AFTRA & SAG Members Overwhelmingly
Ratify TV & Radio Commercials Contracts
May 25, 2009
In nationwide voting completed on May 21, members of the American Federation of Television and Radio Artists (AFTRA) and the Screen Actors Guild (SAG) overwhelmingly approved new three-year successor agreements to the 2006 AFTRA Television and Radio Commercials Contracts and the 2006 Screen Actors Guild Television Commercials Contract.
The memberships of AFTRA and SAG voted 93.84% in favor of the new agreements, the unions report.
Approximately 132,000 members of the unions received ballots, of which 28% were completed. The final vote was certified by Integrity Voting Systems, an impartial election service based in Everett, WA.
$3 BILLION OVER 3 YEARS
The new agreements cover performers working in commercials made for and reused on television, radio, the Internet, and new media.
The unions estimate that the three-year increase, which is retroactively effective to April 1, will generate more than $108 million in member earnings, including approximately $24 million in increased contributions to the AFTRA Health & Retirement and SAG Pension & Health plans.
The total combined value of the AFTRA and SAG contracts is projected at more than $3 billion over the three-year term of the agreement for working performers, including actors, singers, dancers, choreographers, stunt persons, and extras.
INTERNET & NEW MEDIA
The unions also successfully established a first-ever payment structure in commercials for the Internet and new media.
The unions affirmed their jurisdiction over commercial work made for the Internet in 2000, and new media formats in 2006. The new payment structure goes into effect in the third year of the contract.
Additionally, the new contracts contain an agreement outlining terms for a pilot study to test the Gross Rating Points (GRP) model of restructuring compensation to principle performers, as proposed by Booz & Co.
The two-year pilot study will be conducted by a jointly retained consultant engaged by the unions and the industry. The study is expected to be paid for by grants from Screen Actors Guild-Industry Advancement and Cooperative Fund (IACF) and the AFTRA-Industry Cooperative Fund (AICF).
“I am pleased that SAG and AFTRA were able to work together to reach an agreement that will benefit actors who work in the advertising industry,” said SAG National President Alan Rosenberg.
Praising the successful ratification, AFTRA National President Roberta Reardon observed, “I am pleased that our members have ratified these new television and radio commercials contracts.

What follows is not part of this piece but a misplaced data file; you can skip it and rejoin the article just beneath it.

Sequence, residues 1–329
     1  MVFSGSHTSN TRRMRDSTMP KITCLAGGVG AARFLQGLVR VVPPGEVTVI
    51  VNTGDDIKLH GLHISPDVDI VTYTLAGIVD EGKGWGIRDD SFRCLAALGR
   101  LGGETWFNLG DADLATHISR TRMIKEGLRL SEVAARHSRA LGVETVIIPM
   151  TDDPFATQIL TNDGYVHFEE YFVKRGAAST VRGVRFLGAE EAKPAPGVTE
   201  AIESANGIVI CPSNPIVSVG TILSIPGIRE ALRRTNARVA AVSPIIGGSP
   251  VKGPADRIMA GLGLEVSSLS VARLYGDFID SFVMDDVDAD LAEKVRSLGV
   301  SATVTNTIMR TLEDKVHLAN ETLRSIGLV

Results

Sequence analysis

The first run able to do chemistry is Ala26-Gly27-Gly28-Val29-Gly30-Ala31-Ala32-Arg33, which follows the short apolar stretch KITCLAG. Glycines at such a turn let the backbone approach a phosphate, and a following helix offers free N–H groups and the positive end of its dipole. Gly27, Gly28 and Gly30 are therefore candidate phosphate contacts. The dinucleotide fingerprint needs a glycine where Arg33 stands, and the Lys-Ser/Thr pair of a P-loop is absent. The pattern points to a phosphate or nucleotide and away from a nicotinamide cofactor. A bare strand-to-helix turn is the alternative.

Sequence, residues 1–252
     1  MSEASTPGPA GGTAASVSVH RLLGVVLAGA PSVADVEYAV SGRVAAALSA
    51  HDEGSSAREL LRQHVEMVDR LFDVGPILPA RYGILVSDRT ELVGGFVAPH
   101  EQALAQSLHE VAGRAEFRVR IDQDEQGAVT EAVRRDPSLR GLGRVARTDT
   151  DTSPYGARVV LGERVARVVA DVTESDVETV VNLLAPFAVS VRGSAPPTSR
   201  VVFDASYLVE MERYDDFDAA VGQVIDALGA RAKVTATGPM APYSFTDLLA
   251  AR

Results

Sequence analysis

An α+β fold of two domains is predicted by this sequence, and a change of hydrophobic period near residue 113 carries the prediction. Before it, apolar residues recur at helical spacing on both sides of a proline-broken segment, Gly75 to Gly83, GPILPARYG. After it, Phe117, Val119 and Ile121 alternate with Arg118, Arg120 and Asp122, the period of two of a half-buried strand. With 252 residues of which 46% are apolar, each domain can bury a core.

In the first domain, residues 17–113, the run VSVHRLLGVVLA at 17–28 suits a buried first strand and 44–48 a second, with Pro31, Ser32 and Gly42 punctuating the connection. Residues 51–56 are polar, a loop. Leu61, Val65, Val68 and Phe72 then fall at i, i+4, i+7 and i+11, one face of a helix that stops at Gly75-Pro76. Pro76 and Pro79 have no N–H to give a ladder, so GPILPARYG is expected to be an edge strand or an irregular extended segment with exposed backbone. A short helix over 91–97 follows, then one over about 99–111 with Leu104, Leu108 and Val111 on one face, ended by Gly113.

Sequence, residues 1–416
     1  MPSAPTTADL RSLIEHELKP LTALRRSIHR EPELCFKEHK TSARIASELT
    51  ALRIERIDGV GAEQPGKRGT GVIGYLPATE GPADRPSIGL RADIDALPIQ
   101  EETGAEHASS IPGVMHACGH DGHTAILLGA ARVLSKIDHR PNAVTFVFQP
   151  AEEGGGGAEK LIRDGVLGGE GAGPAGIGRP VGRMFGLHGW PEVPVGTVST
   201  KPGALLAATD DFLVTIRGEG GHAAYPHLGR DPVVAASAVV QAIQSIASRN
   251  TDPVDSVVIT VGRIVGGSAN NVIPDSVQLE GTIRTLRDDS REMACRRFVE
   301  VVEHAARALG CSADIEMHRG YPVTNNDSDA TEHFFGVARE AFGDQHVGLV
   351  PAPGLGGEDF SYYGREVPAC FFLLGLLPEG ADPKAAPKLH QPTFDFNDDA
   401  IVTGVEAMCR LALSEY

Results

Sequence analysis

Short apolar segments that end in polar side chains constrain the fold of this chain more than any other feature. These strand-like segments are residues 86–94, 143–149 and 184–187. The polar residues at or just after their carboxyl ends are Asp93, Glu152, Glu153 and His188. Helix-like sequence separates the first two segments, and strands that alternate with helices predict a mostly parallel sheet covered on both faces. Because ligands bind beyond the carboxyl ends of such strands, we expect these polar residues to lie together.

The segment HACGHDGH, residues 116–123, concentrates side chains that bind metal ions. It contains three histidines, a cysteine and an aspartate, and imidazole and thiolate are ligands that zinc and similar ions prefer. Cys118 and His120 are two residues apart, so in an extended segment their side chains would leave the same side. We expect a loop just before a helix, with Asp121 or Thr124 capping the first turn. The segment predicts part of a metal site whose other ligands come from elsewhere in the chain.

"These new agreements provide significant increases in payments to working performers now — a major achievement in a severely depressed global economy — and the contracts will guarantee our continued participation in this important area of work as it evolves in response to consumer tastes and trends affected by the changing landscape of digital technology,” said Reardon.
“We have enormous power when we negotiate jointly and it put us in a great position from day one,” added Sue-Anne Morrow, Screen Actors Guild’s national chair of the SAG-AFTRA Joint Commercials Negotiating Committee.
“Achieving a minimum for ads made for the Internet and new media was a huge win," she added. "It was time to insist that actors be paid fairly for their exposure in these developing areas and members clearly approved through their overwhelming votes to ratify.”
The pact with the Association of National Advertisers and the American Association of Advertising Agencies goes into effect retroactively to April 1, 2009, and will remain in force until March 31, 2012.
AFTRA and SAG members voted on the tentative agreement that had been reached with the advertising industry on March 31 and overwhelmingly recommended by the SAG-AFTRA Joint Board in a meeting on April 18. Ballots were mailed April 30 to all eligible members in good standing of either union.
The American Federation of Television and Radio Artists, AFL-CIO, are the people who entertain and inform America.
In 32 Locals across the country, AFTRA members work as actors, journalists, singers, dancers, announcers, hosts, comedians, disc jockeys, and other performers across the media industries including television, radio, cable, sound recordings, music videos, commercials, audio books, non-broadcast industrials, interactive games, the Internet, and other digital media.
The 70,000 professional performers, broadcasters, and recording artists of AFTRA are working together to protect and improve their jobs, lives, and communities in the 21st century, notes the union.
From new art forms to new technology, AFTRA members embrace change in their work and craft to enhance American culture and society
Screen Actors Guild is the nation’s largest labor union representing working actors.
Established in 1933, SAG has a rich history in the American labor movement, from standing up to studios to break long-term engagement contracts in the 1940s to fighting for artists’ rights amid the digital revolution sweeping the entertainment industry in the 21st century.
With 20 branches nationwide, SAG represents nearly 120,000 actors who work in film, television, industrials, commercials, video games, music videos and other new media.
The Guild exists to enhance actors’ working conditions, compensation and benefits and to be a powerful, unified voice on behalf of artists’ rights.